I said, dad, there's guys with doctoral degrees and authors. I said, what's your... So anyway, I'm kind of angry at God because God is not... and the weeks are going by. After three weeks before the two months are over, I want to leave. I'm really in inner agitation. I want to leave because God... I said, I'm wasting my time. I gave it six weeks. Thank you very much, God. Now I can return. See, I was really afraid that I might be called to monastic life. More afraid than I realized. But then I talked myself out of it. And then at one point I thought God was saying to me, why are you demanding a sign? Why can't you just relax? Be here like it's an extended retreat. Let happen what happened. Then you can go home and ponder it and see. Just trust me. I had the hardest time. I wanted to force God's hand. Finally, the end of the two months, and there was no sign that I recognized. That I heard. No word. So I... Normally you would leave and think about it for a while, then let them know.


But even before I left, I said, well, I don't think I'm coming back. Thank you very much. But I'll let you know. And I remember driving on that winding road going down the hill saying, you know, this feeling of shaking the dust from my sandals. You had your chance. You had two months. And you didn't speak your word to me. So there. Leave me alone. I'm sick of this monastic bug. I drive down the hill and I went and stayed with a family in Southern California that I was very close to. The second night, I broke out in a horrible case of hives. I've never had hives in my life. If you know any bit of psychology, hives are classic psychosomatic symptoms. Classic. Because they rise from the skin. They're literally a message being written on your body. And of course I knew that. I said, oh my God. A sign is coming. And I got an inkling that God was saying something when I was in the emergency room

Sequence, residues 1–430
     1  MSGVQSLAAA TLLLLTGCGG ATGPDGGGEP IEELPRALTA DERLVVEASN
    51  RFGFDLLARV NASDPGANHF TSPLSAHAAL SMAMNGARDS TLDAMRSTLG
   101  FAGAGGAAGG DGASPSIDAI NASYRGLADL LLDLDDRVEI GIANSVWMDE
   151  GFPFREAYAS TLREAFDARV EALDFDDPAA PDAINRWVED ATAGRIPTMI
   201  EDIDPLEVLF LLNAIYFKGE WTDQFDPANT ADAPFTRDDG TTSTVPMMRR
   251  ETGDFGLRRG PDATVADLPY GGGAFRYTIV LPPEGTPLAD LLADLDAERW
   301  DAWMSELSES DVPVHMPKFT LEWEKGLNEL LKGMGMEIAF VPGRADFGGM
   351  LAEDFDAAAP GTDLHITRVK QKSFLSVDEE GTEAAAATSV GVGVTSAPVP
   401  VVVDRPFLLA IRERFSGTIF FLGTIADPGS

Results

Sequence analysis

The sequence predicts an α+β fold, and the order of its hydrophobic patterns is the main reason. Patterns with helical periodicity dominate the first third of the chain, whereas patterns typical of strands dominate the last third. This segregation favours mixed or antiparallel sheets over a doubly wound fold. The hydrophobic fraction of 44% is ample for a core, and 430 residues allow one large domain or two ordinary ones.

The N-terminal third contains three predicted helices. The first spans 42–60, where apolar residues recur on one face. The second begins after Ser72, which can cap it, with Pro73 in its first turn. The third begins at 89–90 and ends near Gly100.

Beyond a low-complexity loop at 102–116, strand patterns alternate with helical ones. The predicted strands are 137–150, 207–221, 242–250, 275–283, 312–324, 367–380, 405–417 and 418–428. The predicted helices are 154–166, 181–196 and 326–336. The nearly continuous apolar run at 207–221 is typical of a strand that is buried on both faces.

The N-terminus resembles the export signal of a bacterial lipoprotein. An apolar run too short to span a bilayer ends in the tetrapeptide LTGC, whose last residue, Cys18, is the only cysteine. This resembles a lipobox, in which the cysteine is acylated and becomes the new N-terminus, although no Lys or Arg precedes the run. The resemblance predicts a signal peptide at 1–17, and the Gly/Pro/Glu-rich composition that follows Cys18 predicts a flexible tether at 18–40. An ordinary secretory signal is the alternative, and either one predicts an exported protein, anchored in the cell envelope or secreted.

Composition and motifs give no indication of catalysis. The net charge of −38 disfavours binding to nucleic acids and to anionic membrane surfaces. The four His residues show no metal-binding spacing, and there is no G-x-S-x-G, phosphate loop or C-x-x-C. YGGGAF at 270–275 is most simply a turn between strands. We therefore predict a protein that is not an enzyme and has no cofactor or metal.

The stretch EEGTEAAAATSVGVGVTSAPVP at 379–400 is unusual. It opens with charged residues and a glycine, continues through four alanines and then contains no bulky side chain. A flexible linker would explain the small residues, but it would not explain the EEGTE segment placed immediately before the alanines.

of the local hospital. And they were giving me an injection to make sure my esophagus didn't swell because I had these huge welts all over. This was at 11 o'clock at night. And I said, maybe the word God is saying is, this is an emergency. Is this sign enough for you, John? Of course, I didn't plan on that sign. You see, I wanted a sign in a certain way. One that I could handle. This is a bit embarrassing. Five days later, the son of that family is driving me back to Big Sur and I can't believe it. And he says, so? Why are you going back? I said, damn if I know. I said, something's dragging me back. But you know, my struggle to listen. That's what I'm saying. Developing, cultivating this deep listening doesn't mean you're just going to suddenly get quick answers to your problems. We try to listen to the truth that's deep within us, we're going to hear a lot of other stuff.


A lot of other static. And that sometimes frightens people from cultivating depth in their life. From spending, creating pockets of quiet and solitude. Because they're afraid of what other things they're going to hear. And so we have to learn how to deal with these other voices within us. And how to sort through them. And not to be too frightened by them. And to let go and let God speak how and when God wants to speak to us. It's interesting, the author... Wow. The last talk and I'm in overtime. But I've got to finish this. Yeah. Interesting. And it's about listening. Too many words. God is saying, I'm going to show you. The author to the Hebrews tells us something very interesting. I always was puzzled by it. Maybe you were. It says, Jesus learned obedience. He learned to listen by what he suffered. How does that teach you to listen? You will first have to look at what is suffering?